Fundamentals of Semiconductors pp 203-241 | Cite as

# Electrical Transport

## Summary

In this chapter we have discussed the transport of charges in semiconductors under the influence of external fields. We have used the *effective mass approximation* to treat the *free carriers* as having classical charge and renormalized masses. We first considered the case of weak fields in which the field does not distort the carrier distribution but causes the entire distribution to move with a *drift velocity*. The drift velocity is determined by the length of time, known as the *scattering time*, over which the carriers can accelerate in the field before they are scattered. We also defined *mobility* as the constant of proportionality between drift velocity and electric field. We calculated the scattering rates for carriers scattered by *acoustic phonons, optical phonons, and ionized impurities*. Using these scattering rates we deduced the *temperature dependence of the carrier mobilities*. Based on this temperature dependence we introduced *modulation doping* as a way to minimize scattering by ionized impurities at low temperatures. We discussed qualitatively the behavior of carriers under high electric fields. We showed that these *hot carriers* do not obey Ohm’s law. Instead, their drift velocities at high fields saturate at a constant value known as the saturation velocity. We showed that the saturation velocity is about 107 cm/s in most semiconductors as a result of energy and momentum relaxation of carriers by scattering with optical phonons. In a few n-type semiconductors, such as GaAs, the drift velocity can *overshoot* the saturation velocity and exhibit *negative differential resistance*. This is the result of these semiconductors having secondary conduction band valleys whose energies are of the order of 0.1 eV above the lowest conduction band minimum. The existence of negative differential resistance leads to spontaneous current oscillations at microwave frequencies when thin samples are subjected to high electric fields, a phenomenon known as the *Gunn effect*. Under the combined influence of an electric and magnetic field, the transport of carriers in a semiconductor is described by an antisymmetric second rank *magneto-conductivity tensor*. One important application of this tensor is in explaining the *Hall effect*. The *Hall coefficient* provides the most direct way to determine the sign and concentration of charged carriers in a sample.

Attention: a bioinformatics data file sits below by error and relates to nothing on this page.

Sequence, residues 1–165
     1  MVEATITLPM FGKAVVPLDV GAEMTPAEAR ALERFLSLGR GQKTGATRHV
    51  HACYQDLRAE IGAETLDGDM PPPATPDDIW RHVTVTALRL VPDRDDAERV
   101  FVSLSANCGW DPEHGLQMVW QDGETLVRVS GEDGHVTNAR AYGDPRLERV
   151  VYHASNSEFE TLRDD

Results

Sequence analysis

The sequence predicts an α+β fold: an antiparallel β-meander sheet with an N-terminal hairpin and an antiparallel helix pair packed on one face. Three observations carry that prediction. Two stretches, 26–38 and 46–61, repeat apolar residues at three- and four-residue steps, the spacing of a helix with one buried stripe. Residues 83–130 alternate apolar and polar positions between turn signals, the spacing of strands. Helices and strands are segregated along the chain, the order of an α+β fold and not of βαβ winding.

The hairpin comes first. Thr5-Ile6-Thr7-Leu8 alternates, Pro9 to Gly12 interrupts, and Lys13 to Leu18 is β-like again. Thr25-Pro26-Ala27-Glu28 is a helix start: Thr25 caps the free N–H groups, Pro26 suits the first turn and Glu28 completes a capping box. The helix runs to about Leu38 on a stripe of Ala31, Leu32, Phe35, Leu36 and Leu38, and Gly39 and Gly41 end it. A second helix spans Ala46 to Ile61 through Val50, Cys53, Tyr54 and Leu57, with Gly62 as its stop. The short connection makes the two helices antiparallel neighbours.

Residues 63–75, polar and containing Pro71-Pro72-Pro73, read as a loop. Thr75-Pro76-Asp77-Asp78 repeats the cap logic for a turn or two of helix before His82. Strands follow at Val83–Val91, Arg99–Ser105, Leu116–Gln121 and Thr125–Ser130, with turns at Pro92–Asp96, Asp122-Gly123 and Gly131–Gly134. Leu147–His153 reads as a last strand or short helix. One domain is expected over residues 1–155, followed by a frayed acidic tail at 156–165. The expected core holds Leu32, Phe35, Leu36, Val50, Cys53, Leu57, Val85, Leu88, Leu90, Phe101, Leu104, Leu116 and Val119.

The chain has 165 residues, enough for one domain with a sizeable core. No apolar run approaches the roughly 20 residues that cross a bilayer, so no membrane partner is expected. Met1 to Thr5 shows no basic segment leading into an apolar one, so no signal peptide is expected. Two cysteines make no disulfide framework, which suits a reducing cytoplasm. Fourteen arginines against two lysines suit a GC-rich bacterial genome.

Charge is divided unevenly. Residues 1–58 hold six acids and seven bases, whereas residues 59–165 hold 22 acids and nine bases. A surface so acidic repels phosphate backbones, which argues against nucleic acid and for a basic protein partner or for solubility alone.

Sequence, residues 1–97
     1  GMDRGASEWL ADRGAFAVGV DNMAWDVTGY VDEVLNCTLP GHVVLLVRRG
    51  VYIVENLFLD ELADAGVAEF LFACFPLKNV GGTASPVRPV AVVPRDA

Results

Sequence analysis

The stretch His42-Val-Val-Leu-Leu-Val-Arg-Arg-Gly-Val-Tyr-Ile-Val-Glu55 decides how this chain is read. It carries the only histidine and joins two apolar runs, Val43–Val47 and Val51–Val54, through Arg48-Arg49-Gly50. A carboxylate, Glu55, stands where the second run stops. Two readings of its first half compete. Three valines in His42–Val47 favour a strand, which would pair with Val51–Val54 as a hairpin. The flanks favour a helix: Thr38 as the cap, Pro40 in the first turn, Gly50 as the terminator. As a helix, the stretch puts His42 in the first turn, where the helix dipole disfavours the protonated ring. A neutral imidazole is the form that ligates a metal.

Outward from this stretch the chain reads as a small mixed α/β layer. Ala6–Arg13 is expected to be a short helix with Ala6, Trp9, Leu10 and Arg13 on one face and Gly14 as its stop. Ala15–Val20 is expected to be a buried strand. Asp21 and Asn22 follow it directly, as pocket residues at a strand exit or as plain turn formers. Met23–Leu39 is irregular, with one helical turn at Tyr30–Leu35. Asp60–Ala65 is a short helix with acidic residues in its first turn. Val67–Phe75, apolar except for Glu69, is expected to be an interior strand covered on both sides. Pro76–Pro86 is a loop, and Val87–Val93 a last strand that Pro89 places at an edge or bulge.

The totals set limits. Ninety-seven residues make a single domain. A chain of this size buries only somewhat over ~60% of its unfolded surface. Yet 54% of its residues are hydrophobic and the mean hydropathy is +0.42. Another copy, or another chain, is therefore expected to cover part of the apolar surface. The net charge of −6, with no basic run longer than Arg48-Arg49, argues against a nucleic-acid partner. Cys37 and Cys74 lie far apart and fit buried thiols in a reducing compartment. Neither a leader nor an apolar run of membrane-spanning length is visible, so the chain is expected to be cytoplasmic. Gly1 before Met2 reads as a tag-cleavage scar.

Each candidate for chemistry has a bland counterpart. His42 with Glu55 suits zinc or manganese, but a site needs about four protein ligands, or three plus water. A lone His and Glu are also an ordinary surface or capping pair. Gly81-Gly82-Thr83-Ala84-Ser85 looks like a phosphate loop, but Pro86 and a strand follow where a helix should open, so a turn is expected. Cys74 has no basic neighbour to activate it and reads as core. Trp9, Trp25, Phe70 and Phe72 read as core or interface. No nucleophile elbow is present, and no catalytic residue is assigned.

## Keywords

Drift Velocity Optical Phonon Acoustic Phonon Electrical Transport Negative Differential Resistance## Preview

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